SINGAPORE- The first Catholic nun to lead a junior college here has died.
Sister Deirdre O'Loan, a former Catholic Junior College (CJC) principal and supervisor of the Convent of Holy Infant Jesus (CHIJ) schools here, died last Saturday morning (Aug 13) of pancreatic cancer at the CHIJ Convent in Chestnut Drive.
She was 83.
The Irish nun had received the Public Service Star in 2014 for her contributions to education.
Ms Vivienne Lim, chairman of the CHIJ Board of Management, said Sister Deirdre was a well-loved educator who embodied the CHIJ motto of being "Simple in Virtue, Steadfast in Duty", working tirelessly for others right till the very end.
"She saw what was unique in each child, and gave of herself to all around her. From students in the schools, to the custodians, carpark attendant, she would always make time to stop and share a kind word with them."
Affectionately known as "Sister D", the nun taught in Malaysia before coming to Singapore in 1974.
She had been with CJC since its founding in 1975 as a General Paper teacher. She later headed its English department, and was responsible for setting up the school's library. In 1986, she was appointed vice-principal before she served as principal from 1988 to 1994.
A Straits Times report in 1989 highlighted CJC's cosy atmosphere, styling the school as one that "marches to the beat of its own drummer" and allows teenagers' personalities to flower, with the college experience being about happiness, friendship and fun rather than the pursuit of accolades.
Back then, Sister Deirdre said that common stereotypes of the school's students being a "fun-loving, outgoing and rather frivolous lot" are unfair judgments.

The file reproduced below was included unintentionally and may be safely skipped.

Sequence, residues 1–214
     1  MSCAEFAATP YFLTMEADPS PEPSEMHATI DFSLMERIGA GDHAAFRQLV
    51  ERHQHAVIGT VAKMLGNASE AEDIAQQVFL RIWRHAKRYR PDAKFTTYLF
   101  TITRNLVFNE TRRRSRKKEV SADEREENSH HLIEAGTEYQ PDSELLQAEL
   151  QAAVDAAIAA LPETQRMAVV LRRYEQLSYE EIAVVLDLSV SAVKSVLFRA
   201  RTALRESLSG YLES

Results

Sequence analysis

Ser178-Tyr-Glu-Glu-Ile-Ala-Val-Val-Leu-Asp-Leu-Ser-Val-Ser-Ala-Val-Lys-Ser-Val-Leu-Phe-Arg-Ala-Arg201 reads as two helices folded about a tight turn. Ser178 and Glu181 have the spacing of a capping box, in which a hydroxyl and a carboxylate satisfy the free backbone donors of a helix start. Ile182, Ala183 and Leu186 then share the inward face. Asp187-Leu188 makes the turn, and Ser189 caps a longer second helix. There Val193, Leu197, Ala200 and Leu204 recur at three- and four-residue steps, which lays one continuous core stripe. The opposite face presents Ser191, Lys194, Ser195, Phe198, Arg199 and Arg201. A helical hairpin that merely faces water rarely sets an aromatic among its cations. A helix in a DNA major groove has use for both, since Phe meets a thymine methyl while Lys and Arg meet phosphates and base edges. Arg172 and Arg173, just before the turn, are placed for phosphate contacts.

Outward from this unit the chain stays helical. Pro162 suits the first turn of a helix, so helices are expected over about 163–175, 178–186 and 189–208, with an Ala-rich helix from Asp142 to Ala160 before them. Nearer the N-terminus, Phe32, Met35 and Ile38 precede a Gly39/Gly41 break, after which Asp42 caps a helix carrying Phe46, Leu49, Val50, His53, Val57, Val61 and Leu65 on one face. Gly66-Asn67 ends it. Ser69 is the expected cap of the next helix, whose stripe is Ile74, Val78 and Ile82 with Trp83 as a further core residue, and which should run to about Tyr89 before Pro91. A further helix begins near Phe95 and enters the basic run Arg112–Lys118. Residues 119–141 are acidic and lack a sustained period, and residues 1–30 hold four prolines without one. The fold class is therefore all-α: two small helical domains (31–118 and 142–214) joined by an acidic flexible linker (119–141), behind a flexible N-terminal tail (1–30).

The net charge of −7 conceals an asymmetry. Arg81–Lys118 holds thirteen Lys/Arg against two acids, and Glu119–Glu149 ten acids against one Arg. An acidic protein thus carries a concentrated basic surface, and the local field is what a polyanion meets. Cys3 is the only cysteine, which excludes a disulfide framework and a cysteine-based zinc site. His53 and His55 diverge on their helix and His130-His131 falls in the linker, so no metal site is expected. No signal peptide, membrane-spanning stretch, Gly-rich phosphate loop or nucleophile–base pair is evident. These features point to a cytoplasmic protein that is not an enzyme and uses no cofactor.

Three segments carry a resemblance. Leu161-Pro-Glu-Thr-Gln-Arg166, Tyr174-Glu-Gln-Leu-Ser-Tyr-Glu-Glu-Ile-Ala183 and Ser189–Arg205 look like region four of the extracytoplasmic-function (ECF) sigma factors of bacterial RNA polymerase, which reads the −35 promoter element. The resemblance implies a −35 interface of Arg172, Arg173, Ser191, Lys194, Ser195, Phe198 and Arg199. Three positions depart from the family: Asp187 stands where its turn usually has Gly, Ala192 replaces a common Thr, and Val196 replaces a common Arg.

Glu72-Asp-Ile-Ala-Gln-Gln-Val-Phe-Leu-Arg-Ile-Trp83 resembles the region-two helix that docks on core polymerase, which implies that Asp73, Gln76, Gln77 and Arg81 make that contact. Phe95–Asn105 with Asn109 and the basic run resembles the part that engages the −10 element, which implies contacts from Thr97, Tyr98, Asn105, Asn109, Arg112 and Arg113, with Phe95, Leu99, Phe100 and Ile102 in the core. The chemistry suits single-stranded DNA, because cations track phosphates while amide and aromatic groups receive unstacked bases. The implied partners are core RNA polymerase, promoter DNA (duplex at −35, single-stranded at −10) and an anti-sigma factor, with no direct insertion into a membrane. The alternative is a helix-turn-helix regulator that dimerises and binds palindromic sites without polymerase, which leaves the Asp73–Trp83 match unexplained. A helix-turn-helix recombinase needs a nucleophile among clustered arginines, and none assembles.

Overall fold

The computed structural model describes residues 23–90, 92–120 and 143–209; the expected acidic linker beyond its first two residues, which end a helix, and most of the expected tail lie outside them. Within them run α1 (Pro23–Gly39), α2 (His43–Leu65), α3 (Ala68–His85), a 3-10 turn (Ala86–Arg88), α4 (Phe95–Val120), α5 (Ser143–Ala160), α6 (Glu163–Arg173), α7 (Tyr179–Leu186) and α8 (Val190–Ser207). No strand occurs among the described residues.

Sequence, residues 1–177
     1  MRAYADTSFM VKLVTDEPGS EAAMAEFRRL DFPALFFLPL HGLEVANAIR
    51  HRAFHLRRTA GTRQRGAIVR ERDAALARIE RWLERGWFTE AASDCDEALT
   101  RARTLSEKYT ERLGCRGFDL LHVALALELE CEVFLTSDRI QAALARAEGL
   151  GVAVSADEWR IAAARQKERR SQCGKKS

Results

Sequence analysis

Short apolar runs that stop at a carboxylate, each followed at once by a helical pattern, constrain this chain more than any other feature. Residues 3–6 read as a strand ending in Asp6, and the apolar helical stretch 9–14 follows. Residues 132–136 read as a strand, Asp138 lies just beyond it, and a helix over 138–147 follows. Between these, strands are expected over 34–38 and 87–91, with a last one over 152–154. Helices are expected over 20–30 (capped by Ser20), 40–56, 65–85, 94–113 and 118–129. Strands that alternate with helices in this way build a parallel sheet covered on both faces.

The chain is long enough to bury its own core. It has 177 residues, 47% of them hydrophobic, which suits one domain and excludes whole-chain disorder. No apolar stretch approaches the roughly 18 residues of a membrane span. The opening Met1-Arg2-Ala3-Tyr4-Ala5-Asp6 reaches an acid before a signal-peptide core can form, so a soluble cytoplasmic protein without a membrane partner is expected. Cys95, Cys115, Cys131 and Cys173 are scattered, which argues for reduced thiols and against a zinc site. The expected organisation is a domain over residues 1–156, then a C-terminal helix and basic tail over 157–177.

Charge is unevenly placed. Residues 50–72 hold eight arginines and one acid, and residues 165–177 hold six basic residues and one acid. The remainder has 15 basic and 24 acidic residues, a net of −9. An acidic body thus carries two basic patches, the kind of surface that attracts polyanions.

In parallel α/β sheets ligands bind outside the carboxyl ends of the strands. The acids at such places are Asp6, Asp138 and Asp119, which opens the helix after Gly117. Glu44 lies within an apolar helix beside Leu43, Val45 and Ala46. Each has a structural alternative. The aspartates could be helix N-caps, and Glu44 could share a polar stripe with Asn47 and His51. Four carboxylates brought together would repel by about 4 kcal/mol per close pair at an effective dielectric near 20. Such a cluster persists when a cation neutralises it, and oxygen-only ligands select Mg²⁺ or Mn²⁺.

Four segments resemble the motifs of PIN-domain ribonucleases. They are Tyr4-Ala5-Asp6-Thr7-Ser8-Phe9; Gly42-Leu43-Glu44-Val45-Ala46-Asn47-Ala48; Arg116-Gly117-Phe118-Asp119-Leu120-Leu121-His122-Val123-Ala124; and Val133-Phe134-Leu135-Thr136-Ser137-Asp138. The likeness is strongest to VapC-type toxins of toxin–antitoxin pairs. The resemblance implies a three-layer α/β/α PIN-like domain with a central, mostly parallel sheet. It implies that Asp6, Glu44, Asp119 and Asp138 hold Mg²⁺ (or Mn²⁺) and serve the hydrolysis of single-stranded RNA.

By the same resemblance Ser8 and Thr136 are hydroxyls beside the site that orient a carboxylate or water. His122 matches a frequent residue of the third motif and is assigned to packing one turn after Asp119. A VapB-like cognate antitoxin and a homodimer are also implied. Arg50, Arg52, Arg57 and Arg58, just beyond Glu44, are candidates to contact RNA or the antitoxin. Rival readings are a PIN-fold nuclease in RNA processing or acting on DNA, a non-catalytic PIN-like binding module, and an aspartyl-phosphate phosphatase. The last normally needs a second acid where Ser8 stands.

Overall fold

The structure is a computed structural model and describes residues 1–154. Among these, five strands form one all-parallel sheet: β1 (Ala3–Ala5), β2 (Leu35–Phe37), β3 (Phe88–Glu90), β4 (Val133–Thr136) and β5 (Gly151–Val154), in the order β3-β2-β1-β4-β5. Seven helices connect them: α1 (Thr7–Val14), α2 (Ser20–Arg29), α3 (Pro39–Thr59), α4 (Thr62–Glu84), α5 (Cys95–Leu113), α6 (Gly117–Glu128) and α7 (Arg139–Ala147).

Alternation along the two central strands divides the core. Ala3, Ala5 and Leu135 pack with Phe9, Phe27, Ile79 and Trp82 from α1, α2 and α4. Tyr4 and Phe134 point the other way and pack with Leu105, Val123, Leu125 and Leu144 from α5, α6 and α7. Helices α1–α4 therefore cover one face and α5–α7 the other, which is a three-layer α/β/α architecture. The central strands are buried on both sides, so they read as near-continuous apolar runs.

"Fun-loving is used in a derogatory sense to mean people without a sense of responsibility...I like to hear students speak about their junior college life as a period of great companionship, where they made friends for life."
Medical doctor Lawrence Ng, 53, who graduated from CJC in 1981, said Sister Deirdre was committed to the character formation of students under her charge.
"She had an austere veneer and would pull you aside if your uniform was out of place. But if you interact with her personally, she was warm and would greet the students that she knew by name."
He remembers once when he was walking beside her, she suddenly stopped and bent down to pick up a piece of litter on the school grounds. "Now when I see litter in public places and do the same, it would strike me that I had learnt to do so from her example."
Ms Lucy Davis, 47, a former assistant professor at Nanyang Technological University, got to know Sister Deirdre in the 1980s when her father was an English teacher at CJC.
"I had always assumed (mostly from movies) that nuns were strict and serious . Sister D was so very funny, outgoing and generous. She used to look after my brother and I, taking us out to swim at East Coast Park beach and for satay after; she also showed us the French stained glass in the chapel of CHIJ Victoria Street."
In late 1994, the nun became the supervisor of the CHIJ schools, overseeing the management of the 11 primary and secondary schools here.
Mrs Karen Tay, principal of CHIJ Secondary (Toa Payoh), said Sister Deirdre regularly attended school events and actively gave principals of the CHIJ schools a lot of support and direction to uphold the mission and motto of the schools.
"We have gained a lot from her generosity of spirit and wisdom. She has a calmness about her that gives us a sense of peace when we do our work. She has always had a listening ear for everyone," said Mrs Tay.
Her wake is held at the CHIJ Convent at 4A Chestnut Drive, with daily mass and prayers at 7pm.
Her funeral mass will be held at St Joseph Church on Upper Bukit Timah Road on Wednesday (Aug 17) at 10.15am.